ALMATY — Around 12,000 endangered Saiga antelopes have died in an apparent epidemic in Kazakhstan, an official said on Wednesday, calling it a "catastrophe" for the rare breed.
"Around 12,000 Saigas have been found dead," the head of the sanitary and epidemiological department in western Kazakhstan, Serik Imanukulov, told AFP.
"This situation with the deaths of the antelopes is a large-scale tragedy. It's a natural catastrophe," he said.
Tests show the antelopes, which have distinctive bulbous noses, died from pasteurellosis, an infection that attacks the lungs, Imankulov said.
"If the figure of 12,000 is confirmed, it's simply a catastrophe," said Olga Pereladova, a Saiga expert and head of the Central Asia programme for the environmental group WWF.
"That means the illness is already very widespread and it will continue," Pereladova told AFP.
While the Saiga have suffered from pasteurellosis epidemics before, this spring's outbreak has hit particularly hard, she said.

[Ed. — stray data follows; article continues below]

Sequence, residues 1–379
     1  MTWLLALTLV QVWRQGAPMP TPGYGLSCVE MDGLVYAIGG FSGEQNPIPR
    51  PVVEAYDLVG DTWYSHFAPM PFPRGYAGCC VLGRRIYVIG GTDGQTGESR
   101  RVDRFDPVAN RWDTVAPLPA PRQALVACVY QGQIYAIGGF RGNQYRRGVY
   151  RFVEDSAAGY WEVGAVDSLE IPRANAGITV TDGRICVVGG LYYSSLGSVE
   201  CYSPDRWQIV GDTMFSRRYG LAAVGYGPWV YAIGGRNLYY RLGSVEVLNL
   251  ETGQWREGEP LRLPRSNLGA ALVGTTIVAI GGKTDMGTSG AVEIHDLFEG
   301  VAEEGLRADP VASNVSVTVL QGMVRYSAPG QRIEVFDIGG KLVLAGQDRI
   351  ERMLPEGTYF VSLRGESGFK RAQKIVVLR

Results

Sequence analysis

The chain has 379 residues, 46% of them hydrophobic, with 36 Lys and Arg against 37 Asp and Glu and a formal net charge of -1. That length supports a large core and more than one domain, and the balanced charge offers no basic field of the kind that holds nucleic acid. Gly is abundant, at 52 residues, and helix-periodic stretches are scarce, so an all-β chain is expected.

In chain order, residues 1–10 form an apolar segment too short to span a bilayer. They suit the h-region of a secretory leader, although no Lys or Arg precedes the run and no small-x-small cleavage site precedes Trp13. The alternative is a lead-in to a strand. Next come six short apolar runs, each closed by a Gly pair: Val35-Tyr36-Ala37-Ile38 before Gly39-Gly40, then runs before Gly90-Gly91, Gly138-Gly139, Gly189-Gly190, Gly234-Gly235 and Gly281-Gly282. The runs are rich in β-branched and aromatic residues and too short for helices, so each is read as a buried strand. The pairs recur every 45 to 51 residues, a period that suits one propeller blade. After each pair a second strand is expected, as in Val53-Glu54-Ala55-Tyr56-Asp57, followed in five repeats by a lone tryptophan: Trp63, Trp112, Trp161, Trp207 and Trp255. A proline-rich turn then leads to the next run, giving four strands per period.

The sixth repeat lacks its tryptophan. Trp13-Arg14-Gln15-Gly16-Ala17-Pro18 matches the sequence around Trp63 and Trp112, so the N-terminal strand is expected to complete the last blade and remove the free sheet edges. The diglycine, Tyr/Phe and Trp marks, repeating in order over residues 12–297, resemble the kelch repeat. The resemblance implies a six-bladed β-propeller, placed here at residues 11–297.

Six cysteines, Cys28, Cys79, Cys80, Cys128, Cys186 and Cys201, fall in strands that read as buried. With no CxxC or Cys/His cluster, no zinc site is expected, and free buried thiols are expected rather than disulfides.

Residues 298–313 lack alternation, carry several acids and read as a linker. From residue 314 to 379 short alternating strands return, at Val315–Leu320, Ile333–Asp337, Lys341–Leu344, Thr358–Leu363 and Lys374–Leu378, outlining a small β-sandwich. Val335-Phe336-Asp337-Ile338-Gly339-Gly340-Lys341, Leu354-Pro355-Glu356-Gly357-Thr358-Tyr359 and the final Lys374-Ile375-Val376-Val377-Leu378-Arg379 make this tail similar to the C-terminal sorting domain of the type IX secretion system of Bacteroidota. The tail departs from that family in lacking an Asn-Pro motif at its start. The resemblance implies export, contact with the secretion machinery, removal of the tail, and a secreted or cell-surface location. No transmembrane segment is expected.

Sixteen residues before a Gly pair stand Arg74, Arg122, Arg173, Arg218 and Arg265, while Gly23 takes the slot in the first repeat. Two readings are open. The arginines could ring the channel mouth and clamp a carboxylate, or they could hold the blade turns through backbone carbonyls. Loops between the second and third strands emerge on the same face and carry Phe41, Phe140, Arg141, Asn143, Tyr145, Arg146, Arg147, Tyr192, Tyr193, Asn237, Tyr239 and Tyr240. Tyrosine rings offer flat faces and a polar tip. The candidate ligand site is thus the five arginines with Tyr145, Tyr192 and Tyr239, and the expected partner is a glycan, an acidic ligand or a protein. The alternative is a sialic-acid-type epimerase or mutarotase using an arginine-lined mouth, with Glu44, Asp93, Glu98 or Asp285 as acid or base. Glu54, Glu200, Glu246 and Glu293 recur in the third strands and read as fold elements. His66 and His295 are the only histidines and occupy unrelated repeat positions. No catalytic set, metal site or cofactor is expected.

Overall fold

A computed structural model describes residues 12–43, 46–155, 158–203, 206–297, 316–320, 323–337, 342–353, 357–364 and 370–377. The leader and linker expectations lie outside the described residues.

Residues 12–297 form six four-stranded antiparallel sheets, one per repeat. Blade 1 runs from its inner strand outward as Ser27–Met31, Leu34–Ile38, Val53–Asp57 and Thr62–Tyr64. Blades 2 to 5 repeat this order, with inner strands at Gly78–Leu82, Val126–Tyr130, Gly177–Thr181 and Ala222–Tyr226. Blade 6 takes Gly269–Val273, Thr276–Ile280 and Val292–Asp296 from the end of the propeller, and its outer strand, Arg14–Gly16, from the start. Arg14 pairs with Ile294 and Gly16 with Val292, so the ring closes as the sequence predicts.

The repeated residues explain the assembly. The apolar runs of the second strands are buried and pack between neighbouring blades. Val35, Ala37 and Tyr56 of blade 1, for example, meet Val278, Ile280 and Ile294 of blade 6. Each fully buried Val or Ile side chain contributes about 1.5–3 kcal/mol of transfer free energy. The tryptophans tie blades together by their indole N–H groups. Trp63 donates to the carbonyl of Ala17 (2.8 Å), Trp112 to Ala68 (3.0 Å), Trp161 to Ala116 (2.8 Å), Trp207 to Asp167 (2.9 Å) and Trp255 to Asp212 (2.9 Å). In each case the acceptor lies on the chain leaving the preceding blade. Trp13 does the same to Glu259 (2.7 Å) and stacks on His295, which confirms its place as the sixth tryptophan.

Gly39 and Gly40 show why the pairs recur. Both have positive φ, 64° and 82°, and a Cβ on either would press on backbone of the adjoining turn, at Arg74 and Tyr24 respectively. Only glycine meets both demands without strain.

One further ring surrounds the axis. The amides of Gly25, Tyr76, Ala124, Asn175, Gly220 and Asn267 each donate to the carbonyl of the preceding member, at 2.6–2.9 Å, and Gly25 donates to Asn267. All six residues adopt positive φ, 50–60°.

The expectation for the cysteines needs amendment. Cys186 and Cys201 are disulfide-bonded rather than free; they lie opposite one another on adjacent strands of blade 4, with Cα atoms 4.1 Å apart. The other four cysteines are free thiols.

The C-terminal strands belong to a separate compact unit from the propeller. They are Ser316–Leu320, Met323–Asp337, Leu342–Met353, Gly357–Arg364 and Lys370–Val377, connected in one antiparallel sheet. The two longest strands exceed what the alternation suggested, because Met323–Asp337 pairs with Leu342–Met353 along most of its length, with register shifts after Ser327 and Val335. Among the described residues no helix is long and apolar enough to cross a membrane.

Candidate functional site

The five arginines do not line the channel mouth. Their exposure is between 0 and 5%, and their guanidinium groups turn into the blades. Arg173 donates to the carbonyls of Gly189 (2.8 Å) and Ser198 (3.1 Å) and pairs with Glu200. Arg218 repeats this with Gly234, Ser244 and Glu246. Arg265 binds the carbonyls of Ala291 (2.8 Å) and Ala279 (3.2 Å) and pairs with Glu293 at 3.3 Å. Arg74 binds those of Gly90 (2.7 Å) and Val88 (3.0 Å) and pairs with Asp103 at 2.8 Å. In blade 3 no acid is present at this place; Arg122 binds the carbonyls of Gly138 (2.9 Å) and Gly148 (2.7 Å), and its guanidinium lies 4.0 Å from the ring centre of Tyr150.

"The animals are weak after an especially harsh winter with a lot of snow that made it very hard for them to find food."
The epidemic appears to have peaked, Kazakh official Imankulov said.
"We can say the outbreak of the infection has passed and come to a close," Imankulov said. "The numbers of the dead are rising because we are finding bodies."
"I do not think there will be new cases of mass deaths among the saiga at present."
The Saiga, which lives on the steppes of Kazakhstan, as well as in Mongolia and Russia, has seen its numbers fall from around one million in the 1990s to fewer than 100,000.
The population fell drastically due to uncontrolled hunting and demand for the antelope's horns in Chinese medicine.
The Kazakh authorities estimated that around 81,000 of the migrating animals lived in the Central Asian country before the current epidemic.
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